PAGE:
Put the brakes on hip fractures that never fully heal

Ladies, I've got some scary news for you today: You account for three-quarters of all hip fractures.

That's because as you age... and go through "the change"... your estrogen hormone levels plummet. Your body starts replacing bone cells with fat cells instead. And that can lead to thinning bones.

In this case, prevention is EVERYTHING -- because according to a new study, the "cure" remains out of reach for many hip fracture patients.

Researchers from the University of California reviewed data from over 700 older hip fracture patients and found that even after surgery and rehabilitation, most never really felt like themselves again.

A whopping two-thirds of them needed assistance with daily tasks, for the rest of their lives. And that means only a third returned to living independently.

Imagine becoming a burden on your kids... or having a stranger come into your home to help you bathe, get dressed, and even go to the bathroom.

Sure, a hip fracture isn't a necessarily death sentence (although even a minor injury could kill you) -- but it may mean a one-way ticket to assisted living. And if you're like many seniors, you fear losing your independence more than losing your life.

You may be popping those calcium tablets, but don't stop there. Calcium can't work on its own -- it needs magnesium and vitamins D and K to effectively do its job and keep your bones strong.

There's also a compound derived from olives called oleuropein, which actually helps direct your body to start making bone cells again instead of fat. (More on that in a moment.)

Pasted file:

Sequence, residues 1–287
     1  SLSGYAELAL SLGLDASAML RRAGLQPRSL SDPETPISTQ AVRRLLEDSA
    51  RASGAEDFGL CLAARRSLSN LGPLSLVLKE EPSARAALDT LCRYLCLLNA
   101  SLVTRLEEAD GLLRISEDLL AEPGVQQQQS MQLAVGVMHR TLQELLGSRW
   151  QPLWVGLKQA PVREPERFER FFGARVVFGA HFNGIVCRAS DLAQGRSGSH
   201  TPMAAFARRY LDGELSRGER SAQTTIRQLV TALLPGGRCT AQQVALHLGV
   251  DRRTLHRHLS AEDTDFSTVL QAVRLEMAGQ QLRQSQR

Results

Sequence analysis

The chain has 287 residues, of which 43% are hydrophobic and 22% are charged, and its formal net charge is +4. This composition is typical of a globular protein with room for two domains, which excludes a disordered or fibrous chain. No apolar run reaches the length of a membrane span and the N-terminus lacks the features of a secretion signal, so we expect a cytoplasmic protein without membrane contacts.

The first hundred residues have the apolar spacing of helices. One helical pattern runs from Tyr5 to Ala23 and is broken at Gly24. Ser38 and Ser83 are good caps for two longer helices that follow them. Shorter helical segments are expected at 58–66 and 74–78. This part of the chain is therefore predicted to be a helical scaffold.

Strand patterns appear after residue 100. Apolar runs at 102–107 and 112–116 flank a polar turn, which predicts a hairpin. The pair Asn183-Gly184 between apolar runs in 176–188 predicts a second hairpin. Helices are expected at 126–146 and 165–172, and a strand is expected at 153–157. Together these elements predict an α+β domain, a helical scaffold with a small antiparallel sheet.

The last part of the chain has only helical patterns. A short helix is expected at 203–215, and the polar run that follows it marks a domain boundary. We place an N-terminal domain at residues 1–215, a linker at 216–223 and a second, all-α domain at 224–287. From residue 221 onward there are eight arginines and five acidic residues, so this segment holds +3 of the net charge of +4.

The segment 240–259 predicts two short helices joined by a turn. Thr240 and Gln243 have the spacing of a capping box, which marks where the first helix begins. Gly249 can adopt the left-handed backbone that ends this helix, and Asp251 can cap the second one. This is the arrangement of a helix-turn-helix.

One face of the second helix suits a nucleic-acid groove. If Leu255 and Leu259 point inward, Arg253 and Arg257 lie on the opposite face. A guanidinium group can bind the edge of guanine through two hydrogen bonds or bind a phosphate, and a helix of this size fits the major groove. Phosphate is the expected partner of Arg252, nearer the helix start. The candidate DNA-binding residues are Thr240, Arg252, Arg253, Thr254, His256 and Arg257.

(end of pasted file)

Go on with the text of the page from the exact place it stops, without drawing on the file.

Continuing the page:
You can also:

  • Drink tea. Last year, I shared with you research that suggested that drinking 1-3 cups of black tea a day can lower your risk for bone fractures by about 10 to 30 percent -- something that was confirmed by another study earlier this year.
  • Try growth hormone therapy. When used correctly (and not by an athlete trying to enhance their performance), it can help prevent osteoporosis. Talk to a holistic doctor about safe bioidentical growth hormone treatments to see if it's right for you.
  • Sleep. Consistently get a good night's sleep, because it's in deep sleep that your cells have the opportunity to repair themselves, which restores your bone and muscle.
  • Exercise. Weight-bearing activities like walking, jogging, or dancing can also help build up your bones.

It's important to note that hip fractures in particular aren't just about bone density.

To work on your strength, control, and balance to avoid a devastating fall, you can ride a bike... practice yoga or tai chi... or join a water aerobics class at your local senior center.

Less than Half of Older Hip Fracture Patients Fully Recover: Study

National Osteoporosis Foundation -- Fractures/Fall Prevention